Balanced with the temperature I use, you need a relatively slow speed to get the best from t-glase
Especially the first layer, you want that to be neat and tidy for this object.

Make the extrusion widths around the same size as the actual nozzle size. Normally you would go slightly bigger.

250 degrees C - it will print lower and hotter, but for the speed balance, this will give clear (not frosty) results during printing.
80 Degrees C heated bed.

This is a really important one, don;t use too much fan cooling for t-glase. Max 40% unless bridging.

Finally, this is the really odd one - For a 0.4mm nozzle you need to tell Slic3r it's 0.45mm in diameter - with all the other settings above, this produces great results.
You can go to the same layer height as nozzle size for t-glase (here we could go 0.4 layer with 0.4 nozzle)

Why use it? - It's just one of the most clear and optically interesting filaments you can get. It's also a very strong material, with great layer bonding, so making objects to use, enjoy and give as gifts is high on the list of ideal uses.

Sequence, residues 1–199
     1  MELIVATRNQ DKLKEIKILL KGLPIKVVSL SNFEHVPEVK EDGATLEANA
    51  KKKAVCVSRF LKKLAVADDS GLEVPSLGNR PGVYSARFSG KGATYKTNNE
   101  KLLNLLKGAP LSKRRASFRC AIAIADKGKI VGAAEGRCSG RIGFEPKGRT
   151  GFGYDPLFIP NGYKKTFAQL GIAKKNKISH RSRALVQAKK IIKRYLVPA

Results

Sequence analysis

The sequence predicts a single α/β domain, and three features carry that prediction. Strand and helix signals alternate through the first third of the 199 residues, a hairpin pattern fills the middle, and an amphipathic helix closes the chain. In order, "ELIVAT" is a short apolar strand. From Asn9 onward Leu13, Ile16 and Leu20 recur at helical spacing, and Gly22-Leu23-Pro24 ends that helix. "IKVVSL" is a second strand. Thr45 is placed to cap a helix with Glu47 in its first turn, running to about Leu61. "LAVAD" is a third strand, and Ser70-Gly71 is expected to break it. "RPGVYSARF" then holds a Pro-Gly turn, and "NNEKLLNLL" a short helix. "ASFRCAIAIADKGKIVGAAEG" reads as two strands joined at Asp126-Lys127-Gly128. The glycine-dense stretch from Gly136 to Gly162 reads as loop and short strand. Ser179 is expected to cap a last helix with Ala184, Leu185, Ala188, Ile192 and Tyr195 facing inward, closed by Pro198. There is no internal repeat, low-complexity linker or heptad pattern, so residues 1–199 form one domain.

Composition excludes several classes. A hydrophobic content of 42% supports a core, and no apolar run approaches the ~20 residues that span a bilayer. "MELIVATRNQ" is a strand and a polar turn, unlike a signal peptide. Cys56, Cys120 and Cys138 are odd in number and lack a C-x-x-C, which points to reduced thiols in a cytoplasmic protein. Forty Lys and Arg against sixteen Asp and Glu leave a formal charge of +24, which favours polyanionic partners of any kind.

Is it strong? - Yes, it's very tough, impact resistant and just a tiny bit of flex.

Is it easy to use/print - Yes, as long as you spend time tuning the speed, temperature and odd nozzle settings I have shown above.

Do you have to dry it before/after use? - Not really, but I do dry it out before use if I want the very best clarity or optical performance. Keep it dry / sealed etc.

Do i need a 'special' nozzle? - No it's not abrasive at all. All nozzles seem to work well, Bigger nozzles are glorious with t-glase. Just try it with a 1.2mm nozzle and a 1.0mm layer height, it's astonishing.

Does it smell when printing? - No.

Does it come on a eco friendly spool? - No :( They are usual Taulman micro-spools, can be tricky to mount as they don't have a 'standard' 52mm mount hole.